Thank you for this article! In my thinking, one of the most important traits for scientists is to be humble in the sense that the world is right no matter what. I came to this thinking through early educational experiences, including reading the autobiographical work of psychologist B.F. Skinner (who was profoundly humble in some respects, but not others). Skinner notes in his early years becoming angry when the animals in his experiments did not do what they were "supposed" to do. He overcame this by realizing the animal could never be wrong, and latter he was lead to many important discoveries by leaving his initial hypotheses behind and refocusing on the behavior he did not expect.
Turning to your more specific discussion questions:
1. ...Might not vanity for professional recognition and rewards drive scientific research as effectively as humility?
I think the current "crises" in psychology shows that the drive for professional recognition also puts tremendous pressure on scientists to engage in questionable practices. Though few resort to outright fraud, even the encouragement of a culture of overstatement and flexible analysis and reporting standards can be dangerous for a field. Further, the drive for professional reward often comes at the expense of casual curiosity - seeing new methods and techniques, looking at other's data, and seeking crucial experiments that could fail. This too can lead fields in bad directions. (I discuss these problems and solutions further <a href = http://fixingpsychology.blogspot.com/2011/12/christmas-special-year-of-scandals-in.html>here</a>.)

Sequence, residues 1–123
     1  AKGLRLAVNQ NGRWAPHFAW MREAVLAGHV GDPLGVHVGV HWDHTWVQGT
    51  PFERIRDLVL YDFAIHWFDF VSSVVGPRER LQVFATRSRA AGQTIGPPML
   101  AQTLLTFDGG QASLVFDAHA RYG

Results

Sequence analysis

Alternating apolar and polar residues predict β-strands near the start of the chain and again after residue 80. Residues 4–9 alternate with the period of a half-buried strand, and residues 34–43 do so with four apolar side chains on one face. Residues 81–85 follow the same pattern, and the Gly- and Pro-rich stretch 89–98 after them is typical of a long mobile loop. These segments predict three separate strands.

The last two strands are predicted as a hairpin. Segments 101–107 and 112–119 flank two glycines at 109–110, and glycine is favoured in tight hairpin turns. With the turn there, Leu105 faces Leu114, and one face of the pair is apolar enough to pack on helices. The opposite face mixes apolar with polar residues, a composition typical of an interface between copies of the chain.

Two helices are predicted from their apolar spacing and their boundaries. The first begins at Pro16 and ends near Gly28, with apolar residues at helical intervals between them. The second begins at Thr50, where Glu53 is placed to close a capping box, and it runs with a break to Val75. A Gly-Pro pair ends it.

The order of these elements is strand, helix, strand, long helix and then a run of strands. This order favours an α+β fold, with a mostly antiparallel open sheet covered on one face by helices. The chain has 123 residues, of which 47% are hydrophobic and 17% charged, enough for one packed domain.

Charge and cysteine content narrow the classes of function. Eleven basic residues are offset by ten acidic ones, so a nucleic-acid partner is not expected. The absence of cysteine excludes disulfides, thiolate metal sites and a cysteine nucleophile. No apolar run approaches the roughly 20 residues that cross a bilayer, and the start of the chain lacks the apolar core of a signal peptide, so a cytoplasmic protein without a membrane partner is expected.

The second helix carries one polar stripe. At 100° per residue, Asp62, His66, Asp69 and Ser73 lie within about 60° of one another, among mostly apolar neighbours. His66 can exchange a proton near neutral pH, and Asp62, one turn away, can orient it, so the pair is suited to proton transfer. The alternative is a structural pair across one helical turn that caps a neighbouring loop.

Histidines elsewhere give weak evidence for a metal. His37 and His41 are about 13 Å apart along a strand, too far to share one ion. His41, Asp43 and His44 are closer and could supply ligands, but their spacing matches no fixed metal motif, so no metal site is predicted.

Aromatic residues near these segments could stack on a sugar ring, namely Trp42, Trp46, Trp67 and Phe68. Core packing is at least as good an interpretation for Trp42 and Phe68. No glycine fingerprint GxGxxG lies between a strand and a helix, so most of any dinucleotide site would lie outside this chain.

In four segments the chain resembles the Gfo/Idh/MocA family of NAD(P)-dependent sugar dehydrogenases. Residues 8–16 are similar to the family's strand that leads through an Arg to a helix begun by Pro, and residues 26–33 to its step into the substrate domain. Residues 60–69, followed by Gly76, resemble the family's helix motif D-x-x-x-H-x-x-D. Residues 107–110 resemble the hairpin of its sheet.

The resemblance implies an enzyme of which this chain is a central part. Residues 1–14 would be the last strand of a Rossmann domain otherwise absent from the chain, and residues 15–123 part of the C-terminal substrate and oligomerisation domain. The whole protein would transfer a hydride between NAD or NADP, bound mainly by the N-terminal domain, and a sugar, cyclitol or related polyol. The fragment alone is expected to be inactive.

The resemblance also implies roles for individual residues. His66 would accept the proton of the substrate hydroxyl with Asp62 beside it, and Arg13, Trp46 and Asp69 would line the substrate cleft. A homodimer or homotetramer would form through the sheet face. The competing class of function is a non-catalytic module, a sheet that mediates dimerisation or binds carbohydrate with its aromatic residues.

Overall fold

4. Psychological studies show that most persons asked to assess their merits and abilities rate themselves as above average—the Lake Woebegon Effect—and this contributes to our overall mental well being. Does humility, then, work against our mental health?
I have wondered about this as well. I cannot, however, help but thinking that even "above average" people should still be humble, and so the two feelings are not in as much conflict as they initially appear. As a personal confession, I think I am quite good at a great many things. However, there is nothing I do where I don't know there are people better than I am, and in most cases far better than I am.
For example, I am currently a student of Aikido, and am quite good given the amount of time I have been training. That said, the humility studying Aikido can generate is still huge. Obviously one is less skilled than their teahers, but you can find interviews with top Aikido sensei, people practicing for 50 years, who will say that they could still improve techniques they learned in their first years. To have the best in the world demonstrating extreme humility has a very positive impact on students, and I wish there was more of that in science. When I advise my college students, I suggest that they try to determine what they are both good at and find enjoyable, then never forget that they have a lifetime of improvement ahead.